30 seconds project: interview with Gerald Emming
Self-taught photographer, Gerald Emming, based in the Netherlands, presented to us his new and interesting project called “30 Seconds”. The Award-winning photographer simply attempts to capture the beauty of people in the streets. Photographs without any premeditation try to reveal the beauty of naturalism. I think, personally, that these portraits look brilliant and I wouldn’t have guessed that they were taken without any preparation; the people in these portraits look absolutely brilliant! Gerald, who is also a professional filmmaker at the University Medical Center of Groningen, kindly agreed to have a small chat with me about this unique project and tell more about himself as well.
So, tell us more about yourself. How long have you been into photography?
I held my first (Agfa) camera when I was a kid. My father taught me the basics and my neighbor had a “dark room”, so I played around with photography and experimented from then onwards. In 2008 I picked up photography in a more serious way. I have been making films and educational movies since 2000, and the gap between both worlds is small. The introduction of Digital Cameras and Photoshop opened a whole new dimension for me.
Are you a self-taught photographer?
Yes. I followed some Workshops, Videos and Tutorials to learn some specific areas of photography and also went to the Dutch Fotoacademie. Besides that I learn a lot just by viewing and analyzing lots of images.
Why did you decide that you wanted to capture people portraits without any preparation? In the end, this is what this project about, right?
Yes, that is what it is all about! When I bought a decent DLSR I basically started this project to learn. Shooting images under all circumstances when you have basically no time to think. So my goal was to learn how my camera worked. I shoot with Carl Zeiss Lenses with manual focus to give it an extra dimension and old school feeling. I must admit that I choose Carl Zeiss because I think they give me the best result in terms of quality. I capture images of people on the street that I’ve never met before, without any preparation, within 30 seconds, trying to achieve “the same” result as when I would capture images of the same person in the studio.
Is it hard to attract people that would like to participate in your project?
I spot people in a crowded area, like shopping centers. I simply ask them if I may talk to them about something, and after that I tell them about the project as briefly as possible, meanwhile trying to make them feel comfortable. I show them some examples to show them what it’s all about. About 7 or 8 people cooperate out of every 10 I ask so it’s not so hard.
How long are you going to continue this project?
It’s a long-lasting project. It is still fun to do, the way you approach a stranger, getting the look within 30 seconds in a crowded street and at the end the stranger has to focus as well. That makes this project really great to do. As the story continues, I must admit that I look differently at the people I choose to ask in comparison to some years before, I have become picky with who I choose. Besides that I’m working with other projects as well, so the challenge is to find the right balance between both worlds. The great thing about this project is that you can pick it up anytime you want.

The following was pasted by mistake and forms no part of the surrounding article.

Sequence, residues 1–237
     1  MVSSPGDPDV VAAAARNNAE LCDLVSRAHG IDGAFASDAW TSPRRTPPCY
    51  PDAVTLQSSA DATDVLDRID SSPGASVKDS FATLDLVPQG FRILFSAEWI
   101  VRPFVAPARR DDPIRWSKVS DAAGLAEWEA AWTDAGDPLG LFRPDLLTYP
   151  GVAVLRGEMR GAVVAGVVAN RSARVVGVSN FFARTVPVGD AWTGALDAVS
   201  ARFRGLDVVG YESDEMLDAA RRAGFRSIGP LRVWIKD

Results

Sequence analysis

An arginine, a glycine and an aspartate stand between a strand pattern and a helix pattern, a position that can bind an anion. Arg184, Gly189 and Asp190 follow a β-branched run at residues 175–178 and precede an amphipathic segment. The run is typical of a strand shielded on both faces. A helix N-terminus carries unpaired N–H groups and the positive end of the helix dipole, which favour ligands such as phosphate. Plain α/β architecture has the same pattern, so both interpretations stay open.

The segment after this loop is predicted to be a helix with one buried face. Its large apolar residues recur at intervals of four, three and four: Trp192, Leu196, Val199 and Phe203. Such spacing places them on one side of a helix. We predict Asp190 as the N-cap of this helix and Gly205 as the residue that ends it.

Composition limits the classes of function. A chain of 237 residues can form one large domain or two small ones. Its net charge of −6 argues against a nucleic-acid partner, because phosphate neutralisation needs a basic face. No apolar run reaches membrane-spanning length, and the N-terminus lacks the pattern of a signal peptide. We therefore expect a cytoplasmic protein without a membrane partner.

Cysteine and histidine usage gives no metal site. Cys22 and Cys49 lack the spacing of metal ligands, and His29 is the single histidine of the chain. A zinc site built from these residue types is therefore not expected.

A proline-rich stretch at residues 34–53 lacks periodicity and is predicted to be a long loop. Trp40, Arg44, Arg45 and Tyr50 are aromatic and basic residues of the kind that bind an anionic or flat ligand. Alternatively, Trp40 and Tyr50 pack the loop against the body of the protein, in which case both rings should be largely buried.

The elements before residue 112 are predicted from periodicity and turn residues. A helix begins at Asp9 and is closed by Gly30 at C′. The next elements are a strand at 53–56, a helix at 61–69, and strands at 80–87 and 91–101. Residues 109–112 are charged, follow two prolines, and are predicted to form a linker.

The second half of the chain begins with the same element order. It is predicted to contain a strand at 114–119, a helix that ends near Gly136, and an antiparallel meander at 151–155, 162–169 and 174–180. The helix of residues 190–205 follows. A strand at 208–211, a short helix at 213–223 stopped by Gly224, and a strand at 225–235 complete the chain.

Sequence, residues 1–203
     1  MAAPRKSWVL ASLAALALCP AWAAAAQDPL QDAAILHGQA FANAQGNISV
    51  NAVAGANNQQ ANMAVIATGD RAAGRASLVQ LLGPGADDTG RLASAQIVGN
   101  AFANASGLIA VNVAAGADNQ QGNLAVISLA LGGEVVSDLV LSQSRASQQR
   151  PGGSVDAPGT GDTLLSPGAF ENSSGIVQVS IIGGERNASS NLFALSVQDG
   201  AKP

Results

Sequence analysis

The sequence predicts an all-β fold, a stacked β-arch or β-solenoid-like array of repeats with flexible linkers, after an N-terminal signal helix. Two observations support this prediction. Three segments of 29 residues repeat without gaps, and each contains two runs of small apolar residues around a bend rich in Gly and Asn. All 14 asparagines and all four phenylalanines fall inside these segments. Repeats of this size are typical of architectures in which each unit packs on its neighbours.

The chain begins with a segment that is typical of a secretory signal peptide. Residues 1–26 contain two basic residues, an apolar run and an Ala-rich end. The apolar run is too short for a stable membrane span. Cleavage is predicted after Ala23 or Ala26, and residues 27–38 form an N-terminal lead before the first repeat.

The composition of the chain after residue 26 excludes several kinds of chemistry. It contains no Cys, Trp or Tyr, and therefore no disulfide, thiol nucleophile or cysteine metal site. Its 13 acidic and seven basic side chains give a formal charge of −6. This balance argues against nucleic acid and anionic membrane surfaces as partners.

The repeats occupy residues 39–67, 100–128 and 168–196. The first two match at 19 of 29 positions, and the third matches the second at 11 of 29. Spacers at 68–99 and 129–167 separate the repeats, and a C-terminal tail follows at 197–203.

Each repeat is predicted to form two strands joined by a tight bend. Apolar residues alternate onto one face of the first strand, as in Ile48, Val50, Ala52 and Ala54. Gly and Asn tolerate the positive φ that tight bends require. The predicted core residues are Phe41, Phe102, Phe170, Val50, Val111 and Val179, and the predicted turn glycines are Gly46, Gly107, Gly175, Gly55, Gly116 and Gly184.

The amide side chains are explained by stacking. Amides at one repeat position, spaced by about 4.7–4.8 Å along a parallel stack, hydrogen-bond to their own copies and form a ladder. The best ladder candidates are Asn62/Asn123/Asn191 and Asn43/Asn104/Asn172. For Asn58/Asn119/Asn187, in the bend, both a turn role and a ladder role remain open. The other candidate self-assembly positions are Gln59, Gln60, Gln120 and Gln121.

What are trying to tell to others in this project?
I want to show with this project that you can learn a lot with only your camera and yourself. Not only how you should take a good shot under any circumstance, it’s also the interaction with an unknown human being, learning to spot a face and look in a crowd, learning to think 10 steps further ahead. When I ask a person with the specific look I want, I know my image could be really great!
What was the most challenging thing regarding your idea?
The most challenging stranger was a man I asked who was mildly autistic. I was drawn by his face and looks, and tried to convince him about the project. But the conversation was tough and he didn’t understand what I really wanted and besides that he was in a real hurry. But in the end he agreed (I think he still had no idea what it was all about). The first shots were terrible, he was distracted by the passengers all around him, but after my first frames I told him to look straight into the camera with his chin angled down a little and I had my frame. In the end it was my favorite image as well, this man beats everyone else from all the people I shot during this project!
What main assumptions have you made or what interesting things have you noticed during this project?
I noticed that every person acts in a different way. I have captured more than 2000 strangers so far, and they are all so very different. The people you have great expectations about don’t always work out, and people for whom you had your doubts turned out to give you the look you were looking for. So I learned that you should always give it a try and more importantly, don’t give up! It may give you the image you were looking for!
Edited by Melissa Searle